Destin, Fla.—Lane Kiffin did apologize for using the word “cheat” and Urban Meyer in the same sentence back in February. He was wrong and the SEC commissioner let him know it with an official reprimand.
But the new Tennessee coach ain’t apologizing for anything else and here’s why: Given the realities of the football program he inherited, Kiffin believes he was just doing what he had to do to jump-start the process of making the Volunteers a contender again.
“Do I love everything I had to do to get us to this point? No I don’t but my job is not to love everything that I do,” Kiffin said as he met with the collective SEC media for the first time on Tuesday. “My job is to do the best thing for our university and the best thing for our people.”
Kiffin, 34, has ruffled more than a few feathers since joining the SEC coaching fraternity last December. The episodes have been well documented so we won’t review them here. But here at the annual SEC spring meetings, where he sat down with his fellow coaches for the first time on Tuesday, Kiffin said his aggressive approach to date is simply what the job requires.
“I think as you look at this job (Tennessee) you have to have a national presence,” Kiffin said. “We’re not fortunate enough to be able to sign 23 or 25 players from our state. When you become a head coach, you take a specific plan into a job. This one, as I looked at it, needed to have a spark immediately as far as exposure.”
Kiffin’s point was that he had to do some unconventional things to get Tennessee noticed nationally. Some of his controversial decisions drew scorn in the national media and from fellow coaches. Kiffin had a little dust up with Steve Spurrier, who wondered if Kiffin had taken his NCAA recruiting test before calling prospects. Turns out he had taken the test and Kiffin wondered if he was going to get an apology. The two rode in an elevator on Tuesday and patched it up, but not before Spurrier reminded the young coach that he never accused him of cheating. He simply asked the question.
Kiffin and Meyer? That relationship is going to take some work and, given the jobs they hold, will remain chilly. Meyer said the key to the situation is to be “professional.” But he also admitted that it wasn’t easy.
But here’s the reality: While Kiffin’s style in the past six months has gone against the grain, it also made Tennessee the most talked-about 5-7 team in college football. And six months into the job, Kiffin said, the plan is working. Tennessee closed fast in recruiting, signing a Top 10 class that included running back Bryce Brown, rated by some services as the No. 1 player in the nation.
“If you look at the plan over six months you’d have to say it is going extremely well. There aren’t any six-year plans anymore,” Kiffin said. “None of you guys are going to write ‘Well, they will be good six years from now.’ To sit back and say we’ll take it easy and sit in the weeds and say someday we’ll sign a Top 10 class….we didn’t have time to do that.”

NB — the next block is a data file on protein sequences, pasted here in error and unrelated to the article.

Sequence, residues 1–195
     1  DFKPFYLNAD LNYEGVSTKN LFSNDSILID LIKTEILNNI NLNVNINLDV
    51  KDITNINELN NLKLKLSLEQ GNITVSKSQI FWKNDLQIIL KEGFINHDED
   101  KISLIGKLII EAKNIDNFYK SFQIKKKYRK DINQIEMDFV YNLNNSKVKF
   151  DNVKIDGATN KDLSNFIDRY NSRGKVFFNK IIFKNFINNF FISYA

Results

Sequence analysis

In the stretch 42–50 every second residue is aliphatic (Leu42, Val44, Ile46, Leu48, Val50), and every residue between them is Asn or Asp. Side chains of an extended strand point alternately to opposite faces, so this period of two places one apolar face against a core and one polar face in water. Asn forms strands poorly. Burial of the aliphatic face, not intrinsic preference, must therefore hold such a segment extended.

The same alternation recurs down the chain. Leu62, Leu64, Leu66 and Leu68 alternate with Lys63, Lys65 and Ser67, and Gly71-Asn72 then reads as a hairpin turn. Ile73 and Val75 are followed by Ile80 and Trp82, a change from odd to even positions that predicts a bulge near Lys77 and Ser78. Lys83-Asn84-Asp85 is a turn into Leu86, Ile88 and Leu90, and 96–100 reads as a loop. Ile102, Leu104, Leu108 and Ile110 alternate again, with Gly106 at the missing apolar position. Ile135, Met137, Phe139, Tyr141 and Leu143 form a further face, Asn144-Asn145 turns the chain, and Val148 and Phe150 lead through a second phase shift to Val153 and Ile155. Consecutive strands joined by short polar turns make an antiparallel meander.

Kiffin said that he hopes the other coaches in the SEC understand that every job is different. What might work at one place may not work at another. His job is not to make friends among the SEC coaches or the media.
“I was hired to satisfy three groups of people. No. 1 is our people, our fans, the people of Tennessee. I think they are extremely excited. We had the second largest attendance we’ve ever had for a spring game.
“No. 2, our own players. I think some of the things that we’ve done puts it back on your own players. They know you’ve gone out and said some things about what you’re going to do and what you’re going to accomplish. When you’re working out with your players at 5:30 in the morning they come up to you and say ‘Thanks for doing that coach. It makes us want to work that much harder because we’ve got your back.
“No. 3 is recruiting because it’s the lifeblood of the program. I don’t think if you took a conservative approach—whether you thought it was right, wrong, or indifferent—I don’t think there is any way you sign that class and there isn’t any way you sign the No. 1 player in the country. There are some things that have to be done specifically for this particular job.
“As you look at kids today they respond to confidence a lot. Guys that we’ve signed talk about the confidence they feel from the staff. We’re not backing down and kids like that. They like the energy around our program.”
Before his first face-to-face meeting with Meyer since the comments in February, Kiffin was asked if he felt the need to apologize again.
“I really haven’t thought about it. I would expect everybody to understand that we all have a job to do,” said Kiffin. “But I did request that coach Meyer and I would get adjoining rooms (at the hotel).”
He was kidding. At least I think he was.
This is going to be an interesting fall.